In this new year, excitement brews. New Year’s resolutions, the planning of big events, and the shift of presidential power mark the beginning of 2017. While the excitement of a New Year is evident, there is also apprehension. In particular, many Americans (and those elsewhere) have shown unrest and unhappiness with the impending new leadership in America. As a result, some politicians and celebrities vowed to boycott the inauguration. Others have planned protests. What I’d like to focus on in this blog is what we teach our children in this time of transition.
In just two days, there will be a Women’s March on Washington. I’ve included a graphic of the March to make a point. (I do not agree with what the graphic portrays.) While it is admirable to teach non-violence and the exercise of free speech in America, the devotion to this cause, above others, concerns me. I have watched the preparations on news channels, and visited the official website and Facebook page. While I agree with several of the Mission and Vision Statements, some of the Unity Principles leave much to be desired, particularly for Christians.
As a Christian (and a Christian mother), I take very seriously the values and morals that are taught to my children, whether taught deliberately by our family, through tribal knowledge at school, or through the lessons that society teaches in the media. Many of them sound great. Women and men should be paid equally for equal work. Women and men should be free to work and live in safe places, free from sexual harassment. Women and men should be free to express their beliefs in non-violent ways. I can get behind all of these lessons.
However, there are more and more times when the lines become blurred. Instead of freedom to express beliefs, those who oppose those beliefs (or even who have differing beliefs) are spoken of as old-fashioned or judgmental. Instead of a distinction between right and wrong, the right and wrong become subjective.
As Christian parents, it’s important to decide what lessons we will embrace. We cannot depend on society to decide for us. As Christians, our authority comes from the Bible, and the teachings of Jesus. So, when society teaches that anyone can express his/her sexuality in any way he/she chooses, Christian parents should disagree with that notion. The reason for this is that Jesus teaches that sexuality should be expressed only between a married man and woman (Matt. 19). As if Jesus’s teachings weren’t enough, this is a common teaching in the New Testament. Any sex outside of marriage (whether unmarried, adultery, or same gender) is prohibited.
When society teaches that a woman’s body is hers, and hers alone, implying that she has a choice of whether or not to expel a baby from her uterus, Christian parents should look to the Bible for the answers. When life is created, God does not intend for it to be taken by any person. Christian parents must explain that a life is a life, no matter the age of the person. It is wrong to murder anyone, whether he/she is inside a mother’s uterus or has been born and is living independently of another.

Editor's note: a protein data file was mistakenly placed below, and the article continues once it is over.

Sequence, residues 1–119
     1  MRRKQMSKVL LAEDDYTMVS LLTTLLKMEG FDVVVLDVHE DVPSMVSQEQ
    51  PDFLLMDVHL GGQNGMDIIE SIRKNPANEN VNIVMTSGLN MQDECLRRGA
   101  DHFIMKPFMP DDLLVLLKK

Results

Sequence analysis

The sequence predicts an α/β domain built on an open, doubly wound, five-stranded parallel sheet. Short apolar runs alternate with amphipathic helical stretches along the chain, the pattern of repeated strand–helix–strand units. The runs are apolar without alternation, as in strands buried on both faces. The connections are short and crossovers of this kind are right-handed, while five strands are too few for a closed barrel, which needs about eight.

So today, consider what you teach your children. Ask yourself these questions:
- Why do I embrace the beliefs that I hold? Is it because they are socially acceptable or because they are right?
- Do the views that I hold (and teach to my children) line up with the teachings of Jesus?
- Do I want my children to learn lessons solely from what society teaches, or do I want to play a major part in the ethics that my children learn and (eventually) teach to their children
As we age, and our children grow up, there will be politicians that we like and others who do not share our beliefs. There will be media that expresses differing views from those of Christian parents. Even churches may express views that we do not share. But the important thing is this: Do we simply embrace what others teach us (whether deliberately or implicitly) or do we carefully consider, decide for ourselves (based on biblical principles), and then choose what to teach our children?
My prayer is that as you consider these questions, you are able to get some clarity. My prayer is that Christian parents dialogue with their children about what society teaches and correct anything that opposes what Jesus taught. If we simply go along with what others say, and embrace their beliefs because they sound good, then we are no different than non-Christians.
Certainly, Americans have rights, and we are grateful for these rights. We should educate ourselves on causes, use our rights (when they align with the teachings of Jesus), and teach these to our children. However, we must decide if we will focus primarily on our rights as Americans or on our responsibilities as Christians.